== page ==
Running Ruby in C
Embedding Ruby requires one header
ruby.h, which includes a platform-specific
ruby/config.h. You will probably need to tell your compiler about the
include paths for these headers. You will also need to link with the Ruby lib.
On my machine, my minimal compiler options are
Though, if available, you should really use
pkg-config to get the appropriate
options for your distribution:
Including the Ruby interpreter in your C/C++ program is pretty simple. Just include the header and bookend your API calls with a couple function calls.
If the VM fails to start during
ruby_init() it will print an error and exit
your program! If you would rather have a softer error, you can instead call
ruby_setup() which returns a nonzero value if a failure occurred
(unfortunately it is not clear how to get a message for the error1).
If an error occurs during
rb_cleanup(), it returns a nonzero
value—otherwise it returns the argument you passed it. This allows a
little shortcut for returning an error status if the cleanup fails (as
demonstrated in the previous example).
During cleanup, the VM might evaluate more Ruby code (if you passed a block to
at_exit, for example) which could raise an exception.
these by returning a nonzero value and printing an error message. If you instead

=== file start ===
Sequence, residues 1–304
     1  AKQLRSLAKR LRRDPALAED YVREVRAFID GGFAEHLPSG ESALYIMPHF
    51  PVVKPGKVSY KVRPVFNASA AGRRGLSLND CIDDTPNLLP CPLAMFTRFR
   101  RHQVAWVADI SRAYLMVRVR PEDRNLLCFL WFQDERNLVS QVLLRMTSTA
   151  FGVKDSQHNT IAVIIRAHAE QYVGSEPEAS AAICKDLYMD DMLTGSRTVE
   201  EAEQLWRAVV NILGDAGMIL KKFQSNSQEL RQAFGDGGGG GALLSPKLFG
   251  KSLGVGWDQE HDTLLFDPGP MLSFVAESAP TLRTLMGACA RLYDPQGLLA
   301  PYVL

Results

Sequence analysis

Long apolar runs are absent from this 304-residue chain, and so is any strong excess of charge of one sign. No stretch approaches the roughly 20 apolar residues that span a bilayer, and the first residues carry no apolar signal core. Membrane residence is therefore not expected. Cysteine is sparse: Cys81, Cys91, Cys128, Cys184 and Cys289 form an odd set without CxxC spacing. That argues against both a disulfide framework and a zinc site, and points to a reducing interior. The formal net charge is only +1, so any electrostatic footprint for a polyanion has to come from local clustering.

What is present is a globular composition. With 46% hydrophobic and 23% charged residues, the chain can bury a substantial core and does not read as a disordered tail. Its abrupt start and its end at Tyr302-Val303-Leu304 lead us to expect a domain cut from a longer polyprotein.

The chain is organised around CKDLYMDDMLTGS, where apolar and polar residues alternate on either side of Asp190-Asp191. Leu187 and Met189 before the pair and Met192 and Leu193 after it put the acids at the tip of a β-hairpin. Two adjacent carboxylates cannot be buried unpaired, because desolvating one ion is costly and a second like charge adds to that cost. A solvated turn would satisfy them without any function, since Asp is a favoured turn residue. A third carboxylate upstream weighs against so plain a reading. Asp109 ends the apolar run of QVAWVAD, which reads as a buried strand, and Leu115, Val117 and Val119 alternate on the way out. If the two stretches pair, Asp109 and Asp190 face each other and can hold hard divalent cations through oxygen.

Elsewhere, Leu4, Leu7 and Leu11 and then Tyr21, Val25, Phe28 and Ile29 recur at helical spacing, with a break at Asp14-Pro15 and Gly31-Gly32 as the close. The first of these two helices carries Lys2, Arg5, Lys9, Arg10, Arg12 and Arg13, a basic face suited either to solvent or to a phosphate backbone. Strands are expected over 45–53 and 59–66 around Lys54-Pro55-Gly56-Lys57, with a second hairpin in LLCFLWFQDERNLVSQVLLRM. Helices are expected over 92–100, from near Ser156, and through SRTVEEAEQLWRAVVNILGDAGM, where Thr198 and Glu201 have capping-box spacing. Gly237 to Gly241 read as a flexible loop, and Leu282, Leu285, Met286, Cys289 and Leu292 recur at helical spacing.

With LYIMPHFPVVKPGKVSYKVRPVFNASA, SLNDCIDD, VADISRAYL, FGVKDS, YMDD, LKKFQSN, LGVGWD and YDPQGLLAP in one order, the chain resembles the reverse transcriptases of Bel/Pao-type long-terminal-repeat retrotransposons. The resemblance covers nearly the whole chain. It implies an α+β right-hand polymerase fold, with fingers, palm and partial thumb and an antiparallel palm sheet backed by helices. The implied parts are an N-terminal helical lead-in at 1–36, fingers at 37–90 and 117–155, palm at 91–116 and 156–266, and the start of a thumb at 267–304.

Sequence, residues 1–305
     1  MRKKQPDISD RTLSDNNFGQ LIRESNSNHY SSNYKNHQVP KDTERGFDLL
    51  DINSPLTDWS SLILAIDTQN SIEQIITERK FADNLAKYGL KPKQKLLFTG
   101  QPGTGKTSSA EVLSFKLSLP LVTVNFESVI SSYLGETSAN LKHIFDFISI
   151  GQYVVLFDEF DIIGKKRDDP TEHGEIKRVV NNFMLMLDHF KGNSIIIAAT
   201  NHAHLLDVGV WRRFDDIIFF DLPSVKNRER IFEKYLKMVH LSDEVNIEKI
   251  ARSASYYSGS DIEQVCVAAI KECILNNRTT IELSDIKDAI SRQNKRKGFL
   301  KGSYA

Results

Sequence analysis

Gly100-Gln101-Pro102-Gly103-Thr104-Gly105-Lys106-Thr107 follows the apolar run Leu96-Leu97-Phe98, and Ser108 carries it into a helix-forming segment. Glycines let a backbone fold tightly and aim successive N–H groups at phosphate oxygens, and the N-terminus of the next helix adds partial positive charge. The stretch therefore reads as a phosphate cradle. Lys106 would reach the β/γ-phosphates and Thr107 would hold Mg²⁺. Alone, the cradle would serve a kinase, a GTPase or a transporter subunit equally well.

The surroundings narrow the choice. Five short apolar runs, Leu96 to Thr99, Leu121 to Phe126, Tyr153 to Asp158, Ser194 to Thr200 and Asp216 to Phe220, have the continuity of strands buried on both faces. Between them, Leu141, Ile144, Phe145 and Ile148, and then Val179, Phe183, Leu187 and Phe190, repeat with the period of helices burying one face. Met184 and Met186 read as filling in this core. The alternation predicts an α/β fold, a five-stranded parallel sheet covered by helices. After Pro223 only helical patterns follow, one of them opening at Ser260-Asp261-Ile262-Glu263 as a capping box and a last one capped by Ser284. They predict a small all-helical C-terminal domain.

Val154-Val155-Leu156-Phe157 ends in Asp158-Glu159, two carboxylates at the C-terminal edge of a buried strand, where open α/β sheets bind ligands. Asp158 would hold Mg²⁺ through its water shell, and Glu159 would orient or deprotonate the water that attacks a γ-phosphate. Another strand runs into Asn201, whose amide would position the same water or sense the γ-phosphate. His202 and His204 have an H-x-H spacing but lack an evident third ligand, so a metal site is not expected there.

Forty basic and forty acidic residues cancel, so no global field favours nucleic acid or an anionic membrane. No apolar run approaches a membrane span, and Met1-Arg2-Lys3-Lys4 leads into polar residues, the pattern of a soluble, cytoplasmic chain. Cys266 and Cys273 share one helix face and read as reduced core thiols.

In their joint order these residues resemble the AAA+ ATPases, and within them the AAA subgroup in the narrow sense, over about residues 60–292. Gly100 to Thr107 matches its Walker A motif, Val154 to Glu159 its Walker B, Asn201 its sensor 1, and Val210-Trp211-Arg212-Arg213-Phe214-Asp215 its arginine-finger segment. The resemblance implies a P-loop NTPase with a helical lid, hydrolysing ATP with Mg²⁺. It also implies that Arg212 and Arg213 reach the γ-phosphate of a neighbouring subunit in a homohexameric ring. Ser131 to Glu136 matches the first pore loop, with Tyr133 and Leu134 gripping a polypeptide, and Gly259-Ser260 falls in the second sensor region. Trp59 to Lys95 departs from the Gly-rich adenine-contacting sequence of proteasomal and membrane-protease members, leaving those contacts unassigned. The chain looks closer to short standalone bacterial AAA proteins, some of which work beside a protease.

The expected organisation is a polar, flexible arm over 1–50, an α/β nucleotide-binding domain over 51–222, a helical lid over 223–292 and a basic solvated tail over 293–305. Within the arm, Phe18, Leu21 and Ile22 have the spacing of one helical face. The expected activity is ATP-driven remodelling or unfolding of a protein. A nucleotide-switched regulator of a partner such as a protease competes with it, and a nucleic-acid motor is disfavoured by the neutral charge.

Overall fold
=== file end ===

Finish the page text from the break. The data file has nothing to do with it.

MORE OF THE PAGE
ruby_finalize() they will be raised normally (see the section on
Exceptions for how to handle them).
Here’s an alternative example:
Tweaking the VM
You now have a bare-bones Ruby VM running, but you may want to set up a little
more stuff before you start running Ruby code. To set the name of the Ruby
$0) for error messages and such, use
To set up the load path so that gems can be loaded with
You can also pass options to the VM just like you would to
ruby on the command
line. This is handy for stuff like setting the warning level or verbose
The arguments to
argv just like a main function.
And just like the main of the
ruby program, the VM expects to get some Ruby
code when you call it. If you don’t give it the filename of a script to load or
code to run with
-e, it will try to read from
stdin. If you want to set
options but not run any Ruby code, you can pass it an empty line:
ruby_options() returns a “node” that represents the compiled Ruby code. In some
cases (such as a syntax error) the node will be invalid and you shouldn’t run
ruby_executable_node() checks for this. If the node is valid, you can run it
ruby_exec_node(). The state returned by
the pointer) and by
ruby_exec_node() will be nonzero if an exception was
raised while compiling or running the code. You can read the exception
yourself, or just pass
ruby_cleanup() and it will
print an appropriate error message.
Ruby currently doesn’t support any other way of compiling and running code separately3.
Now you’re ready to interact with Ruby! Go back to the C API.
error_print()to get an error message, but this function isn’t exposed to the API. Is this a normal exception? ↩
In my tests I couldn’t get flags like
-vto do anything. This could be related to
ruby_prog_init(). And really it should be possible to do this without parsing command line options. ↩
It looks like the function
rb_load_file()should do this, but I haven’t had any luck getting it to work. ↩